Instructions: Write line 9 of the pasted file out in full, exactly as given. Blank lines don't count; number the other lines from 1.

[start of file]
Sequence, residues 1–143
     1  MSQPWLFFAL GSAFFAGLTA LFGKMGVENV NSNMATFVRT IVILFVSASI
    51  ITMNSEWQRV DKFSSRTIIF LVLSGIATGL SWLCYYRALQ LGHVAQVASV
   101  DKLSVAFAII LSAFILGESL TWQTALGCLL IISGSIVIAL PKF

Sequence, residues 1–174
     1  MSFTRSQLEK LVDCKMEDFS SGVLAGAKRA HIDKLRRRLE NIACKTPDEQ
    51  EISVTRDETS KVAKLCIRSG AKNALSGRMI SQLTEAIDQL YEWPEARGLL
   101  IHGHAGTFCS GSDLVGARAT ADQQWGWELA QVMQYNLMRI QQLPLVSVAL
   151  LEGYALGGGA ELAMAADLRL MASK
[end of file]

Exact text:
   151  LEGYALGGGA ELAMAADLRL MASK